We are so used to needing to put on personas as coping mechanisms. I wonder how many people have actually had the experience of being allowed to be their true self and being accepted for it. I would guess not many.
Even if it’s just for a few moments it can be a life-changing experience. It is infinitely easier to be present with our experience in this environment than in an environment that is pitted against us.
In conclusion, I think it’s worth questioning where you are getting your dharma from.
Are you doing it in order to find some ‘answer’ that is going to mean you don’t have to be present with the truth of your experience in this moment?
Are you doing it to prop up a sense of who you believe you are and how you want to be perceived?
It’s fine if the answer to either of these questions is yes. Life is hard and we don’t have the perfect conditions in our life for awakening or being present. But in the spirit of truth and the dharma, it’s better to be honest with yourself about them so you can understand how you are moving through the world.
If pretty much everyone is answering yes to both of these (which I believe they are), then this a sign that we need to change the environment, not the people.
What if we made it so that it was much easier to be present with the truth of our experience, by creating environments where we felt safe, loved and accepted? What if we made it so that people didn’t need to prop up a sense of persona in order to feel seen?
My vision is to create better conditions for the truth of people’s experience to be experienced and expressed.
Being present with real experience happens for people a thousand times faster if they are given clear and explicit validation for what they are thinking and feeling in that moment. This happens by holding space for people to speak and express their own truth and understanding of the world, as well as by people learning to sit with themselves and experience in silence.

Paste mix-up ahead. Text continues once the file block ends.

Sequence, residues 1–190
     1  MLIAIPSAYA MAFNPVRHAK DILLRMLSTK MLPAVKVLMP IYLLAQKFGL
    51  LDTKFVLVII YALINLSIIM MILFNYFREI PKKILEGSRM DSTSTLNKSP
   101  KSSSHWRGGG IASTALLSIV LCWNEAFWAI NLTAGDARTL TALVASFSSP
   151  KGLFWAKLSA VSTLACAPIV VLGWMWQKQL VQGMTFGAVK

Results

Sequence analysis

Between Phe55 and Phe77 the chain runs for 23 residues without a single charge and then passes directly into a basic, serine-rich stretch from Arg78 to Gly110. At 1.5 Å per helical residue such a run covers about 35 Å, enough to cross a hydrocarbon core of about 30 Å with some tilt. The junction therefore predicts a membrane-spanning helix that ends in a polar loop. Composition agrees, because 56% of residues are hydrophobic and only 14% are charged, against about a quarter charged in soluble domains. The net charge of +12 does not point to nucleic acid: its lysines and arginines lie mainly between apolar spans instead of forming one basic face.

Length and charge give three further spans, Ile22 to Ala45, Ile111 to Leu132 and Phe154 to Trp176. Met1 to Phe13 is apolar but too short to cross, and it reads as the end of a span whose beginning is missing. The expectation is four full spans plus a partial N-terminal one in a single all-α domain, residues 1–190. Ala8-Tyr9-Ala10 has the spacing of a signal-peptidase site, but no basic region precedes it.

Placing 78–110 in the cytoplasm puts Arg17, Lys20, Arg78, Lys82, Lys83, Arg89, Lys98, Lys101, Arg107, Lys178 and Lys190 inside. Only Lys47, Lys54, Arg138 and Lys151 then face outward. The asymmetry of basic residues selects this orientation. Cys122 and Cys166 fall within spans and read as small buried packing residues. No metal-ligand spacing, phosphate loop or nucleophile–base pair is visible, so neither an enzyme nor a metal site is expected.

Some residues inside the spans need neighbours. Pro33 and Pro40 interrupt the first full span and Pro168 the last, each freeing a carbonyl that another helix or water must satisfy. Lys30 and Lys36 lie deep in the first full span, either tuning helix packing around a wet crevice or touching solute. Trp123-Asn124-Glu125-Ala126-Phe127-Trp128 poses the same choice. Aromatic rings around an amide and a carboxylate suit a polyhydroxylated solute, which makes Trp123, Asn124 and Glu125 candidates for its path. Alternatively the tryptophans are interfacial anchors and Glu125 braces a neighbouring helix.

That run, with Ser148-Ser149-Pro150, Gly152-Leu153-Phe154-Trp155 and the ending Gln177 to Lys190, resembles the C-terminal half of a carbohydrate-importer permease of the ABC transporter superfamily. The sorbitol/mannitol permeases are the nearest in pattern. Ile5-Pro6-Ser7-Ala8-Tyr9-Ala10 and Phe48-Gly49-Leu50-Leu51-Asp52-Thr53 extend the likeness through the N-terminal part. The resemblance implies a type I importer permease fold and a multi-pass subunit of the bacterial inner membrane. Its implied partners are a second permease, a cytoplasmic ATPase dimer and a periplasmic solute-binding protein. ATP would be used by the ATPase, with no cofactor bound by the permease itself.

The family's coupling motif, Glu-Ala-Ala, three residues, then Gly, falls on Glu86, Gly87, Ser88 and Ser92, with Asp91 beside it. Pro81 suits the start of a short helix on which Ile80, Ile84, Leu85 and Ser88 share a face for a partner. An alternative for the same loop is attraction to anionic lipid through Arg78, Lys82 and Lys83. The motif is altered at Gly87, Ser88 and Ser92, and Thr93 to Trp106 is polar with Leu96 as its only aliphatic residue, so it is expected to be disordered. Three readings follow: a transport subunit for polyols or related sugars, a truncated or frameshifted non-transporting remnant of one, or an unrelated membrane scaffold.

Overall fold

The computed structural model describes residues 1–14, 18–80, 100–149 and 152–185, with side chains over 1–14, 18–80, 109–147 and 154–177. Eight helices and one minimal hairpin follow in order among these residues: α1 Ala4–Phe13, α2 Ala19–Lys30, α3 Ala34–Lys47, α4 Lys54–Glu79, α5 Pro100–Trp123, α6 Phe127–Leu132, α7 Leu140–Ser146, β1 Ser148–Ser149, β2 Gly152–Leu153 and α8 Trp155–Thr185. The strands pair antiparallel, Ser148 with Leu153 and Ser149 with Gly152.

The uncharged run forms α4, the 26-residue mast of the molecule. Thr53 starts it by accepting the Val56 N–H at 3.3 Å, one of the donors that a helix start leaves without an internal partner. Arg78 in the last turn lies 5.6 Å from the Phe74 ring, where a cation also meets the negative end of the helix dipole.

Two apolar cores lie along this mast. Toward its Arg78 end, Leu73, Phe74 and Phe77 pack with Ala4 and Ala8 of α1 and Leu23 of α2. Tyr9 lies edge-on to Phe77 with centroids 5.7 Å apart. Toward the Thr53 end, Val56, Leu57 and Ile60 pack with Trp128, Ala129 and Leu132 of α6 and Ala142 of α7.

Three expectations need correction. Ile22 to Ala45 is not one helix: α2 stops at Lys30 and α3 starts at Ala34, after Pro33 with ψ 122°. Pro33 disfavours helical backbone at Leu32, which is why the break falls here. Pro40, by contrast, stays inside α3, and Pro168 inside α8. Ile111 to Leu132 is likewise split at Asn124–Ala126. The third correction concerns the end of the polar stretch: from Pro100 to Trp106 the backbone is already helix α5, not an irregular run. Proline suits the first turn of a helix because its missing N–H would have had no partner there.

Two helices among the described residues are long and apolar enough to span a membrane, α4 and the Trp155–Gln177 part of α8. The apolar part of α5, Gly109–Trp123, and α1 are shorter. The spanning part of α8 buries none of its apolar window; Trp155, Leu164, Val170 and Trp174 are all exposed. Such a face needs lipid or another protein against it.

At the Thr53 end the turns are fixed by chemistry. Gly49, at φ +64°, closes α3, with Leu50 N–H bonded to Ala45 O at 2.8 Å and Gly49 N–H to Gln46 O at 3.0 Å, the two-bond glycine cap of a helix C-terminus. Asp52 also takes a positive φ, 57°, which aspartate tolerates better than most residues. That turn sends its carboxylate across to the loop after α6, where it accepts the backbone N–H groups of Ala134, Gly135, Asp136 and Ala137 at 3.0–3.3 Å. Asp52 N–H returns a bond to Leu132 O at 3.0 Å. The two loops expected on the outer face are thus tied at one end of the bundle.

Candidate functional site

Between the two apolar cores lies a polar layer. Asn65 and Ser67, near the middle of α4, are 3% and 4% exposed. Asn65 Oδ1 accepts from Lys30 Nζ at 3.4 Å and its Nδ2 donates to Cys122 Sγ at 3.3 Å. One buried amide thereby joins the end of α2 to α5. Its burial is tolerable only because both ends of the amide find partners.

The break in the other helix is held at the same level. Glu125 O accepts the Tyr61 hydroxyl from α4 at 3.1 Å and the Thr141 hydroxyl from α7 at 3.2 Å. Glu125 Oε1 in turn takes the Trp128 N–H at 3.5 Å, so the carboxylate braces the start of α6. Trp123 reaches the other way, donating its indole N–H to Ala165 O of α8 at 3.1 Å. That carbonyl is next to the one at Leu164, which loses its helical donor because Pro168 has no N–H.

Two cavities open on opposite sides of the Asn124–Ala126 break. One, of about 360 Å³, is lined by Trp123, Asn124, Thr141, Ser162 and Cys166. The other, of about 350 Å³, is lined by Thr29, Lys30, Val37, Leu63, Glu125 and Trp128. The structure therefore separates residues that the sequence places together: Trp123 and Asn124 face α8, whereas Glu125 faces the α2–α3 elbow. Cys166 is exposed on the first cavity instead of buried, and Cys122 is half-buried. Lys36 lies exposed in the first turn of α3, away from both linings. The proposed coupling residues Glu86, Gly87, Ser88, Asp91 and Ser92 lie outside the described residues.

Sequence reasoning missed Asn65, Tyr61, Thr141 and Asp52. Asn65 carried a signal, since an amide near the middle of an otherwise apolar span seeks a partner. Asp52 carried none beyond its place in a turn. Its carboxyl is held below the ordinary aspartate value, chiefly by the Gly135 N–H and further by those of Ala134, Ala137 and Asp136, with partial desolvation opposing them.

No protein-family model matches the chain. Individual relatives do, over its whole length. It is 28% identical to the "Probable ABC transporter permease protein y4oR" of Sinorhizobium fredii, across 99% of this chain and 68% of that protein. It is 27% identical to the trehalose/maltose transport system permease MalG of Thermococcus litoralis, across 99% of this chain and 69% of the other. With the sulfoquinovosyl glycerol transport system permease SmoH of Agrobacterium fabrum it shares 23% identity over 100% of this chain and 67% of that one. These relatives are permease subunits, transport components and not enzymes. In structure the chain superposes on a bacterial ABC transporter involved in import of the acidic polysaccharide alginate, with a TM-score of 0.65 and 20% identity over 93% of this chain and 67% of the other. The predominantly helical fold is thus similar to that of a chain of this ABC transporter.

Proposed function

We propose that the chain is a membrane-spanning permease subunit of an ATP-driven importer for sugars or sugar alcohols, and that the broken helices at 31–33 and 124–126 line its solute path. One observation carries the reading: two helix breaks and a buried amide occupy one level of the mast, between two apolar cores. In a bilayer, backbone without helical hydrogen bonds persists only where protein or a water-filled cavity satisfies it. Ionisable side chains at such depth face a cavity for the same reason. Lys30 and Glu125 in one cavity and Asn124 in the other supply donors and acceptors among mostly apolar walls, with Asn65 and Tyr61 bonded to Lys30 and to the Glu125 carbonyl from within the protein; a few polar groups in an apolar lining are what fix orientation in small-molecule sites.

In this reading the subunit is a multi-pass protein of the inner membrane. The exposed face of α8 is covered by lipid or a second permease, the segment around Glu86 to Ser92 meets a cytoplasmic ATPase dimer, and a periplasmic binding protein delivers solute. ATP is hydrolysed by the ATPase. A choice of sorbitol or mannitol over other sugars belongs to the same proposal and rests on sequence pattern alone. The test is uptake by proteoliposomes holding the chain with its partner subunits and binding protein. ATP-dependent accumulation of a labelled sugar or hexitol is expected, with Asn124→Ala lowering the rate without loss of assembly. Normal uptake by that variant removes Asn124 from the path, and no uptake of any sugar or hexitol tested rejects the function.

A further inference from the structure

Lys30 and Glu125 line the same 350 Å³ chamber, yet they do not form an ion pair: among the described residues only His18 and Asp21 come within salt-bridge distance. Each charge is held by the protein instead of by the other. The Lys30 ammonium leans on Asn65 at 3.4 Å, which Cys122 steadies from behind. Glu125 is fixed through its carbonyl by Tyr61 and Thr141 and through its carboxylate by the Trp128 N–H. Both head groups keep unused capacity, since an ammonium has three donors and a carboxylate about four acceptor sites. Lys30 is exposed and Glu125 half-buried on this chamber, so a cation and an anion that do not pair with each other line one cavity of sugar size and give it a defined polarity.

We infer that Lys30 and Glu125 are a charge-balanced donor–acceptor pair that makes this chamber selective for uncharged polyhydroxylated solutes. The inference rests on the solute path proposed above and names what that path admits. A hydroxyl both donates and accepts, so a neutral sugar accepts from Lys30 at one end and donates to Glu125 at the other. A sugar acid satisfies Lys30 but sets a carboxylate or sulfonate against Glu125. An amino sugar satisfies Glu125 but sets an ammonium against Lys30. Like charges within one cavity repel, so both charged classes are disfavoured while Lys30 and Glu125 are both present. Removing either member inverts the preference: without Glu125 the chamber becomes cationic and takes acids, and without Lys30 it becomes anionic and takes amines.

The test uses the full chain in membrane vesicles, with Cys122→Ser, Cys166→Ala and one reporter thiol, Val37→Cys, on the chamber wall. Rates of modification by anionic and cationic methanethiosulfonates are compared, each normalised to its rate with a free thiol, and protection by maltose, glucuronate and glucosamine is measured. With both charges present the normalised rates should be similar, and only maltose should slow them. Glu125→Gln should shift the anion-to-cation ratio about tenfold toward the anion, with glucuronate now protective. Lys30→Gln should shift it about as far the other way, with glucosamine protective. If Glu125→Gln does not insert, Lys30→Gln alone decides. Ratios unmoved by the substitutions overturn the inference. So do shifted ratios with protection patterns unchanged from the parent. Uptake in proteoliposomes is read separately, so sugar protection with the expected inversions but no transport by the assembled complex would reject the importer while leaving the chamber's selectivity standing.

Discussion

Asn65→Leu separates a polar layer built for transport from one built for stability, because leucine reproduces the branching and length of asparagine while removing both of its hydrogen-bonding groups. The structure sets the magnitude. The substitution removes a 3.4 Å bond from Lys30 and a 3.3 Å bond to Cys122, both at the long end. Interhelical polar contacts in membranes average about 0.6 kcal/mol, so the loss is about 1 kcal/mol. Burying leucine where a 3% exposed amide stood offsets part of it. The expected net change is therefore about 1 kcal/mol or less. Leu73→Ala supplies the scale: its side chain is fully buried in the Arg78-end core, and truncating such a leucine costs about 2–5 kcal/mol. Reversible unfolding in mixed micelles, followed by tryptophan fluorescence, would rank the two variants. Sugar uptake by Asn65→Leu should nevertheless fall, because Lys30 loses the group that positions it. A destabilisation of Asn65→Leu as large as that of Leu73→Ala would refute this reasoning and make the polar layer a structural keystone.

It’s important to make space for the challenges and difficulties of what is actually going for people, rather than trying to force people to fit into some unattainable mode where they can just switch their thoughts and feelings off and be an ocean of calm.
Retreats can be calm spaces that help people relax and feel safe, for sure. But it’s important to also use this space as a foundation where people are encouraged to bring a full expression and understanding of who they actually are in the moment – the only place their truth can be found or their experience can be had.
In order for this to happen teachers have to let go of the idea that they know more about a student’s experience than the students know themselves. And students have to let go of the idea that teachers know more about their experience than they do.
How are people supposed to move through the world in a way that uncovers and validates their own truth, if the environment where they are practicing this in is set up in such a way that they have to adopt the ideas of other people in order to be accepted?
We should be giving people space to dismantle the ideas that they have been given, not making them believe they have to act or feel a certain way in order to belong and ‘get it right’.
Some people may have wisdom, skills and experience that are helpful for a lot of people in a lot of moments, but ultimately, we are all sharing in this experience equally together and more people will be able to be more present if the environment reflected this.